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When exactly in history did the Chachamim adopt the 24 hour day?

Our calendar goes by chalakim (which are sections of the amount of daylight), but when it comes to waiting a certain amount of hours it goes by hours based on the 24 hour cycle. Offhand, the only halacha we could think of that requires hours based on the 24 hour cycle is waiting from meat to milk. In that case you need to wait a certain amount of hours based on the 24 hours, rather than halachic shaos/chalakim.

Was it always like this? Wasn't the 24 hour day a relatively recent invention introduced with the Gregorian calendar? I've seen that it might go back to Egyptian times but I'm looking for good sources. Could it have been that waiting x number of hours between meals was at one point based on chalakim rather than hours from the 24 hour cycle?

Additionally, can anyone think of other halachic cases that use the hours from the 24 hour cycle to wait for something?

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    I see no evidence Chakhamim ever adopted a 24 hour day. – Double AA Jul 27 '17 at 15:48
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    "waiting from meat to milk. In that case you need to wait a certain amount of hours based on the 24 hours, rather than halachic shaos/chalakim." The Peri Chadash does not hold that way, but rather that in the winter you wait less time and in the summer you wait more time. This makes some sense as the Gemara in Pesachim appears to give meal times for breakfast in terms of daylight-hours, and indeed people's eating patterns likely revolved around their sleep patterns which depended on daylight. – Double AA Jul 27 '17 at 15:50
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    The fact that someone waits a fixed amount of time between two things doesn't mean they have adopted a 24 hour day, so I don't understand what the point of your previous comment is. Some things follow the time of day and some things need an absolute interval. There is no contradiction there. – Double AA Jul 27 '17 at 15:53
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    Those opinions must have felt that this was an instance of needing an absolute interval and not something related to the time of day. – Double AA Jul 27 '17 at 16:09
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    Adding to the last comment - I would think that marking times for the end of Shema, start of Mincha, etc. based on adjusted "hours" is easy for people to remember these days as one can publish a fixed schedule for each day of the year based on location, and this is an area that applies to the public. The waiting time between meat & dairy is a private matter. I could see many errors occurring if each day you had to recalculate how long 6 "hours" were. I know that I certainly don't track how long the halachic hour is each day. If I went on a distant trip even 100 miles, my "hour" changes. – DanF Jul 27 '17 at 17:44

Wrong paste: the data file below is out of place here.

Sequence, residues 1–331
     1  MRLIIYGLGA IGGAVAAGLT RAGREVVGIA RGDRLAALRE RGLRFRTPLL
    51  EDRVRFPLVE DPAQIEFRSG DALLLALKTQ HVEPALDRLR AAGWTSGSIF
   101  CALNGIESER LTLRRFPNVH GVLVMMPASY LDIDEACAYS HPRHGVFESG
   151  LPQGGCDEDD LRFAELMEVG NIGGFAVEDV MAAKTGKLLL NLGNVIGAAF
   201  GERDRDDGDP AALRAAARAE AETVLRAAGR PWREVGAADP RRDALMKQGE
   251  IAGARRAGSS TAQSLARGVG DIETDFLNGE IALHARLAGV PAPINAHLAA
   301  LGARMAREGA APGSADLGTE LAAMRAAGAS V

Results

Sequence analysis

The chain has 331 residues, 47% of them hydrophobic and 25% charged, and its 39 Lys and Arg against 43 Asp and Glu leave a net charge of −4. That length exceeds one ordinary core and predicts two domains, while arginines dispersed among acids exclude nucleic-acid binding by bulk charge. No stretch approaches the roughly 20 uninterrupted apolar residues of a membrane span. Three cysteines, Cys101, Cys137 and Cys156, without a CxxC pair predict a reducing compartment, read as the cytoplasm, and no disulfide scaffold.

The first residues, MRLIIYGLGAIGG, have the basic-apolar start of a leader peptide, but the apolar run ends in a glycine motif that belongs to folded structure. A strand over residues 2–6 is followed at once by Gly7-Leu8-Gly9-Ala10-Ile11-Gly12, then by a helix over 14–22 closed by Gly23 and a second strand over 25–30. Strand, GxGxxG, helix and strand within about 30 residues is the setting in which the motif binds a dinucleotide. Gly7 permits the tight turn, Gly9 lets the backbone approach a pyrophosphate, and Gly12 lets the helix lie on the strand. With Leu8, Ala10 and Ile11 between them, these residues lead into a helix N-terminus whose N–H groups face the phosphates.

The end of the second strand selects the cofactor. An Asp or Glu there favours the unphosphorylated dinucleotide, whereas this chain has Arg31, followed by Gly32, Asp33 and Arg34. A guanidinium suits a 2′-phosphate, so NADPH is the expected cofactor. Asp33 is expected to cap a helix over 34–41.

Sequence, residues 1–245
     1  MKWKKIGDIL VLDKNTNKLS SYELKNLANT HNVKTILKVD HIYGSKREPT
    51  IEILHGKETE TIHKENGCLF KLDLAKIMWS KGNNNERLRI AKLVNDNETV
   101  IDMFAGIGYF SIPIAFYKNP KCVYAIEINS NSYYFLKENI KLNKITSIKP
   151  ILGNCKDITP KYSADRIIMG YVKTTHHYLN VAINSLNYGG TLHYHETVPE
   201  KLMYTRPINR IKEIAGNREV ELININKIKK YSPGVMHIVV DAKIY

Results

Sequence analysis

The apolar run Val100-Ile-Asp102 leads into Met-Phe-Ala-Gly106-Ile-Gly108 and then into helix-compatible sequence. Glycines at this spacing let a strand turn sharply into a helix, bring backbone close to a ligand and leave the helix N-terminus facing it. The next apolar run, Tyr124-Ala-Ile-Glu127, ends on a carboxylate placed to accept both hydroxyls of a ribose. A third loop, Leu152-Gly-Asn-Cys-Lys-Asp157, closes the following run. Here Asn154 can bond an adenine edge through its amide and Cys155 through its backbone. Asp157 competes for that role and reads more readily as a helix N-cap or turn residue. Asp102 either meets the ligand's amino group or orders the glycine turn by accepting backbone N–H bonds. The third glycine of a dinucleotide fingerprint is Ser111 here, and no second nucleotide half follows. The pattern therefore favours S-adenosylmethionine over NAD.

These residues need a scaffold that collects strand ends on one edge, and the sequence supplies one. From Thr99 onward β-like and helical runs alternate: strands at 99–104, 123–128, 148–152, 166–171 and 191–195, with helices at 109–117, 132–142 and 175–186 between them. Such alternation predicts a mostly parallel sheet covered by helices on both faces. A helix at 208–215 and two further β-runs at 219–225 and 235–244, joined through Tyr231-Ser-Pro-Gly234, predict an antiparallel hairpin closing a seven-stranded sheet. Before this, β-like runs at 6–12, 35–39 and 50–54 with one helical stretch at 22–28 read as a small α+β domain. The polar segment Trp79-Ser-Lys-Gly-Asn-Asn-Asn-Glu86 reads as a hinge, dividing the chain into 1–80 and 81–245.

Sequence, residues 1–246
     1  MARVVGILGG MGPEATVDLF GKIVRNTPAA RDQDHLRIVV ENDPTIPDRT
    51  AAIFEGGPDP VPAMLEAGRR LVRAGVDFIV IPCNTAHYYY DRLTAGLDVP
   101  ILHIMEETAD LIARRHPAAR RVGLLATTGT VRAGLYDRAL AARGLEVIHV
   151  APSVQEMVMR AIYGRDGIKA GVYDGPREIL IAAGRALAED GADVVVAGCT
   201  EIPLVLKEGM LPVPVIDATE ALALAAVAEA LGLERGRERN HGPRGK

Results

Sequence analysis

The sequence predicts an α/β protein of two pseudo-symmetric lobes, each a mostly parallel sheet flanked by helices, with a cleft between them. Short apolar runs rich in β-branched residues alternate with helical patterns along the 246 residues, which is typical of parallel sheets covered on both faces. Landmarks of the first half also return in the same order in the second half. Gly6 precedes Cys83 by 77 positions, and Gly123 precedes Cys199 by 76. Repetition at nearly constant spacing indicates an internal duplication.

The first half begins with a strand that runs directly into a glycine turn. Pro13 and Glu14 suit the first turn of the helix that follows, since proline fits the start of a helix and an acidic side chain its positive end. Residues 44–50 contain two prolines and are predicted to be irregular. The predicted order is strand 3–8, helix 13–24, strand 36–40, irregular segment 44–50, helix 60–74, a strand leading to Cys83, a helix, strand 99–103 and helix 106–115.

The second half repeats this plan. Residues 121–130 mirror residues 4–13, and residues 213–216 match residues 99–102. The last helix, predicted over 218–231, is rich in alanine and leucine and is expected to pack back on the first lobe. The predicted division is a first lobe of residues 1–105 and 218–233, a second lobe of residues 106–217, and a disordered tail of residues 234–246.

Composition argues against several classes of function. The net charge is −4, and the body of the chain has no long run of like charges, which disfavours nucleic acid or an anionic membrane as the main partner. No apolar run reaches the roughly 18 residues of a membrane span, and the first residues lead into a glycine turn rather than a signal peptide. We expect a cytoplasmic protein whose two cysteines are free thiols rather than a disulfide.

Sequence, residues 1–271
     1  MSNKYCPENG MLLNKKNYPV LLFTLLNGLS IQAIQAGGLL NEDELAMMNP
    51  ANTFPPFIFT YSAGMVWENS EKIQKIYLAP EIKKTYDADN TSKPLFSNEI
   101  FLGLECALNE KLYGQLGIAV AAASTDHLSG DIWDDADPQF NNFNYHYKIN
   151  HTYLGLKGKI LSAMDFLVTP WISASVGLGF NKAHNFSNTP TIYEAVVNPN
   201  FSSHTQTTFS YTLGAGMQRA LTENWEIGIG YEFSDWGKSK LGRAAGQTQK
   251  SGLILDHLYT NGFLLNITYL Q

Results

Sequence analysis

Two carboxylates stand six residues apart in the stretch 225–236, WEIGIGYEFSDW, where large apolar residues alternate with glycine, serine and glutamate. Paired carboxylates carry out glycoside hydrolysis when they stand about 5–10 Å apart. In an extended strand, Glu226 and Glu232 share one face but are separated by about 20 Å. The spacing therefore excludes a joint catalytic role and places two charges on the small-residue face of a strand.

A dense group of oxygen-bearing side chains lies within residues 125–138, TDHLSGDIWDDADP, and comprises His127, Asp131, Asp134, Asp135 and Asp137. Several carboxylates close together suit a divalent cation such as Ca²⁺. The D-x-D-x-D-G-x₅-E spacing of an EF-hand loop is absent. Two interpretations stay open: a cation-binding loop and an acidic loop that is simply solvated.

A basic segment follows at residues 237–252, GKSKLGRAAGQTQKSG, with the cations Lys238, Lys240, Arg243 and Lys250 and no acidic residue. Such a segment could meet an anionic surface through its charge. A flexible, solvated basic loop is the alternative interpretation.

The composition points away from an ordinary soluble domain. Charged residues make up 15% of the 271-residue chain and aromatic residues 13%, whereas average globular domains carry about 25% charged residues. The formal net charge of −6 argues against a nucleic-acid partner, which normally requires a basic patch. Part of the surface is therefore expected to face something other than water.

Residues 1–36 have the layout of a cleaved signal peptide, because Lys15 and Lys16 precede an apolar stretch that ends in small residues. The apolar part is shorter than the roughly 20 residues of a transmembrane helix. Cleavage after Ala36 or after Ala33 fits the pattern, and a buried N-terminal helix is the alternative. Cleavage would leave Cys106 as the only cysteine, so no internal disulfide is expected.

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Sanhedrin 38b - Rabbi Yochanan ben Chanina discusses the day Adam was created and says that the day consisted of 12 hours.

The first hour Adam's dust was gathered. The second hour the dust was kneaded into a shapeless mass. The third hour his limbs were shaped. The fourth hour the soul was infused into him. The fifth hour he arose and stood on his feet. The sixth hour he gave the animals their names. The seventh hour Chava became his wife. The eighth hour they ascended to bed as two and descended as four. The ninth hour Adam was commanded not to eat of the tree. The tenth hour he sinned. The eleventh hour he was tried. The twelfth he was expelled from Gan Eden and departed.

Based on this the day was divided into 12 hours from the beginning of time.

  • how do you know that this wasn't "sha'ah zmaniot"? – Menachem Jul 27 '17 at 21:43
  • @Menachem Seemingly it was on the equinox (or within a couple days of it) so there's no real difference. – Double AA Jul 28 '17 at 15:16
  • @DoubleAA but no proof either – Menachem Jul 28 '17 at 15:42
  • @Menachem - The way I see it is that it does not matter whether it was full 60 minute hours or not, we see here a division of 12 hours to the day. – Gershon Gold Jul 28 '17 at 15:44
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    @GershonGold good point. I misunderstood the question. I thought it was when did they split the day into 24 equal hours. – Menachem Jul 28 '17 at 16:00
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Partial answer (to your last question)

The interval of the molad, is based on a fixed clock. It predates the Gregorian calendar by numerous centuries! The minutes and chalakim are calculated according to a fixed 60 minute hour.

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